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I have a class that handles a TCP connection, and when receiving a message with a given "ID", I need to call a specific function to handle it. These IDs are just numbers, so I've created an IntEnum to hold the IDs:

class ID(IntEnum):
    # ...
    message_x = 20
    message_y = 21
    # ...

These IDs are not necessary contiguous (i.e. some IDs are reserved), and I expect to end up having hundreds or even thousands of IDs.

Because I don't want to create a thousand if - elses for each and every single ID, I was thinking of using the IDs as keys in a dictionary containing references to the functions that handle each message:

class ComManager:

    def __init__(self):
        # Init socket, message queues, threads for sending/receiving etc...
        self.rcv_functions = {#...
                              ID.message_x: ComManager._rcv_message_x, 
                              ID.message_y: ComManager._rcv_message_y,
                              #...
                              }
        # Launch _rcv_thread here

    def _rcv_thread(self):
        message_id = self.rcv_message_id() # receive message ID from socket
        message_id = ID(message_id) # Change from type "int" to type "ID"
        self._rcv_functions[message_id](self) # Call appropriate method according to the dictionary, thus avoiding a massive if/else here or "switch case"-like workarounds

    def _rcv_message_x(self):
        # Handle reception and processing of message x here

    def _rcv_message_y(self):
        # Handle reception and processing of message y here

I've been trying to place "_rcv_functions" into its own file as it's already annoying enough to have a function per message:

# import ID and ComManager classes from their respetive files

_rcv_functions = {
    # ...
    ID.message_x:  ComManager._rcv_message_x,
    ID.message_y:  ComManager._rcv_message_y,
    # ...
}

Then, in ComManager:

class ComManager:
    def __init__(self):
        # Init socket, message queues, threads for sending/receiving etc...
        from x import _rcv_functions

This obviously results in a circular dependency.

I've been searching for a solution to this problem and some people have suggested type hinting, but I haven't been able to get it working in this case.

I've also seen some answers suggesting the use of something like __import__('module_name').ComManager.class_method for each dictionary value but I've read that this would heavily impact performance as the whole file would be processed each time I called __import__, which is far from ideal since the dictionary will contain hundreds of entries.

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    Currently ComManager worries both about what _rcv_functions contains as well as starting a thread for a particular RCV function. Try to separate these responsibilities. For example, you can make an RCVFactory that holds the _rcv_functions dict. This factory, given an ID, will return an RCV function. You should then pass this RCV function to ComManager directly. This also avoids the circular dependency. Type hinting won't be able to change anything here to avoid this circular dependency, it would be added for maintainability reasons instead. Commented Sep 5, 2020 at 3:33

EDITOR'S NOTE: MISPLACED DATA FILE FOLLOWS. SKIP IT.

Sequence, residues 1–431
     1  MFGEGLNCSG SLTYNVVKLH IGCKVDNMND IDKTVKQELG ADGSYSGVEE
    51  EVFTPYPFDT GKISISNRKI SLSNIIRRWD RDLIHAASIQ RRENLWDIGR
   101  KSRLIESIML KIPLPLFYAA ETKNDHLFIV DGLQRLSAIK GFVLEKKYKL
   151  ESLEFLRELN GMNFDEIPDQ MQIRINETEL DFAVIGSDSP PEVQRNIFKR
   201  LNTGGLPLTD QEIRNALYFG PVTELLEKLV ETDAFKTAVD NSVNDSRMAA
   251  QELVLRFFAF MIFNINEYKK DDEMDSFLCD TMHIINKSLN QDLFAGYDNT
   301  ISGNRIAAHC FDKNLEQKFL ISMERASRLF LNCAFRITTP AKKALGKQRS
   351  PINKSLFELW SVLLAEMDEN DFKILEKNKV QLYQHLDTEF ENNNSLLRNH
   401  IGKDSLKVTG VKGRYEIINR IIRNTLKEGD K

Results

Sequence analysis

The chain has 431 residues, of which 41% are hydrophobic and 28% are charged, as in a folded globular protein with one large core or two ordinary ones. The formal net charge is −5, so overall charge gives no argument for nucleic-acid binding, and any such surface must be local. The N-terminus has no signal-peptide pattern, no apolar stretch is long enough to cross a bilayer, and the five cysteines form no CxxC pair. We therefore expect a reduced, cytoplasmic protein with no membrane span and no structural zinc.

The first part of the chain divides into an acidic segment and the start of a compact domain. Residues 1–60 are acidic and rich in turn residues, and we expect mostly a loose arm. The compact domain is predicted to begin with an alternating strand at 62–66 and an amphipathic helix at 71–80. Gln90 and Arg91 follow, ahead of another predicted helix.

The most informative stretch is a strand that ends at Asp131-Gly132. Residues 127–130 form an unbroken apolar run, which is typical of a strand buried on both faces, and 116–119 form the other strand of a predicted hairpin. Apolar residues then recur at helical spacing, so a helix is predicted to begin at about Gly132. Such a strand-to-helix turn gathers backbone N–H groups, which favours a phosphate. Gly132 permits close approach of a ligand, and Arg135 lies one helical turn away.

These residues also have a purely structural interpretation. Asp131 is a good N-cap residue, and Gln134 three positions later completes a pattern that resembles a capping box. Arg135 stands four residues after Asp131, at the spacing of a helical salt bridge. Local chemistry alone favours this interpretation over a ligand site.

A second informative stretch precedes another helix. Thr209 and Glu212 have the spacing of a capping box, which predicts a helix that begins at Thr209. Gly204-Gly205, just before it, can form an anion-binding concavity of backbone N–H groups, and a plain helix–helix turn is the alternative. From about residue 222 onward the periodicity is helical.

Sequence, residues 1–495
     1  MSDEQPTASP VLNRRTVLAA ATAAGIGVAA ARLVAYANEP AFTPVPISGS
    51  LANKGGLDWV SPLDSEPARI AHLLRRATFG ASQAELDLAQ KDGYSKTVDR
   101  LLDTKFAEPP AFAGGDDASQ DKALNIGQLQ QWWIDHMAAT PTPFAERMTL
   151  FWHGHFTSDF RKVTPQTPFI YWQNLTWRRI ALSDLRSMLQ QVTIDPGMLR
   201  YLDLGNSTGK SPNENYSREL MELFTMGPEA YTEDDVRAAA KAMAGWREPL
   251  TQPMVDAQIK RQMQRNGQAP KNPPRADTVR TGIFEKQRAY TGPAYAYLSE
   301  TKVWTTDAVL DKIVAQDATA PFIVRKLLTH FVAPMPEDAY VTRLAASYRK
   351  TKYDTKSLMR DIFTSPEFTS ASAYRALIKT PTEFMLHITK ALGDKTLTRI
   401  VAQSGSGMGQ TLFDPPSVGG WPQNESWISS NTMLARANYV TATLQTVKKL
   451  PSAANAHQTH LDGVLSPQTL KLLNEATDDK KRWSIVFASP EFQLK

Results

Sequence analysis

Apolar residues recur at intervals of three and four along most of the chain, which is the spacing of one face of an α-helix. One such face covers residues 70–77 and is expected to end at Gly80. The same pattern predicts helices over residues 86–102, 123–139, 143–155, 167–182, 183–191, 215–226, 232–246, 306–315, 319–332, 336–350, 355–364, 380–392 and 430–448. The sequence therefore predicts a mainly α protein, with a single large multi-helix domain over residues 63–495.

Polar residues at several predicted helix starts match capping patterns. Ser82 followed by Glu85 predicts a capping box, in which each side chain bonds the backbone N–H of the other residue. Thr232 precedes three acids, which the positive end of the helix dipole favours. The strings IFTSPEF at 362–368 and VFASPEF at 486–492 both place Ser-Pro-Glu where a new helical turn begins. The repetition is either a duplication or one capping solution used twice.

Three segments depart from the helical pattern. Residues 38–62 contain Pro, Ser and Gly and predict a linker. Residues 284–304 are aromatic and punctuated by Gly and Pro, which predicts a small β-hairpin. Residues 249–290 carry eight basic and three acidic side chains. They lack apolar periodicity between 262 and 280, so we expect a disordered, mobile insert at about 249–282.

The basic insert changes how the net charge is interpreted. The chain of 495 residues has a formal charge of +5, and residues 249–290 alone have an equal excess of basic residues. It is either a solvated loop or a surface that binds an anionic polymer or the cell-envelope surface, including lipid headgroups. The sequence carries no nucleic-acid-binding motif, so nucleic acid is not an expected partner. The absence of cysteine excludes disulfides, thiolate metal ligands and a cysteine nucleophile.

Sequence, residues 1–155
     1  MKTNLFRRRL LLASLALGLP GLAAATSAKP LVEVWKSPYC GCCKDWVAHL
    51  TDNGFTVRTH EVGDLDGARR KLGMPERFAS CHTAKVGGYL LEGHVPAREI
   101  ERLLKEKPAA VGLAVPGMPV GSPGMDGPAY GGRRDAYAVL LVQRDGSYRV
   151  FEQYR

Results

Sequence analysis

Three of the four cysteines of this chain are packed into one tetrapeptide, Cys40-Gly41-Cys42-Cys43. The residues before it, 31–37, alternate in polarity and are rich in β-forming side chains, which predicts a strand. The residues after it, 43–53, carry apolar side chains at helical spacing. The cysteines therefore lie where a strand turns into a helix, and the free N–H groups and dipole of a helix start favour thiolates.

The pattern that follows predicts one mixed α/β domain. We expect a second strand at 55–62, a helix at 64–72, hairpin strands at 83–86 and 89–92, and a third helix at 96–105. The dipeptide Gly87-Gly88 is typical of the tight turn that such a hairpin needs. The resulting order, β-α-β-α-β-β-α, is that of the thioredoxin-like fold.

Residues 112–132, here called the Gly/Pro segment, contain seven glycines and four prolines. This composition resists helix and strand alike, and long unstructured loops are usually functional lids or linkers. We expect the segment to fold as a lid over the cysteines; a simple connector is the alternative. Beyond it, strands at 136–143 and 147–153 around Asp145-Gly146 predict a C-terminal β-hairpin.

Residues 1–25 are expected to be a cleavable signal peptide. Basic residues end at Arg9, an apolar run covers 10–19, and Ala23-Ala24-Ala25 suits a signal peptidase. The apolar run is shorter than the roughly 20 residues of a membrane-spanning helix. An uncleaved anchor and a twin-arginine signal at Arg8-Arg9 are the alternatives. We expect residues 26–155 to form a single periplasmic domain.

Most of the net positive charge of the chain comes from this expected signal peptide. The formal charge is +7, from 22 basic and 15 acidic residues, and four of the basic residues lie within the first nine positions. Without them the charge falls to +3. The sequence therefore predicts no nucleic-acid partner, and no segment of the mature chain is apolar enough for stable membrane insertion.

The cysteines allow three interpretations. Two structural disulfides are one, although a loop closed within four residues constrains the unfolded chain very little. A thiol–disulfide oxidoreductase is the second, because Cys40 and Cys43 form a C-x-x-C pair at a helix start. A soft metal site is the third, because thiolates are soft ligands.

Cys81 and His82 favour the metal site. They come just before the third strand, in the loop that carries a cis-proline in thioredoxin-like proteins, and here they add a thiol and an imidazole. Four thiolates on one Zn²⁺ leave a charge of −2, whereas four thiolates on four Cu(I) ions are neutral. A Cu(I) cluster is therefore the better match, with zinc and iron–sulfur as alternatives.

1 Answer 1

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Have you even tried it?

If you place the import statement inside the __init__ method as you show above, there will be no "circular dependency": at the point the other module is imported by the first time, the caller module, where ComManager is defined had already run, and the class is defined and ready to be imported in the second module.

Other than that, you can just put the handling methods in a mixin class, instead of in the body of the handler ComManager itself.

So, in the other module, you'd have:


...
class ID(IntEnum):
    ...

class HandlersMixin:
    def _rcv_message_x(self, msg):
        ...
    ...

mapping = {
  ID.message_x = HandlerMixn._rcv_message_x,  
}

Note that in this way, the mapping maps the unbound methods: they are plain functions that expect an instance of "HandlerMixin" as their first parameter

And on your first module:

from other_module import ID, mapping, HandlerMixin

class ComManager(HandlerMixin):
    def _rcv_thread(self):
        message_id = self.rcv_message_id() # receive message ID from socket
        message_id = ID(message_id) # Change from type "int" to type "ID"
        mapping[message_id](self)  
        # Passing "self" explictly will make the methods work the same
        # as f they were called from this instance as `self.method_name`,
        # and since they are methods on this class through inheritance
        # they can use any other methods or attributes on this instance
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  • I did try it but it didn't work.. weirdly enough, after stepping a few hours away from this and trying it again it now worked and I feel dumb. I guess I was doing something else wrong. Anyways, I've never heard about mixins and passing the base class' self to mixin's method is such an elegant solution, I never would have thought about that coming from a C/C++ background! Thank you.
    – Chi
    Commented Sep 5, 2020 at 11:45

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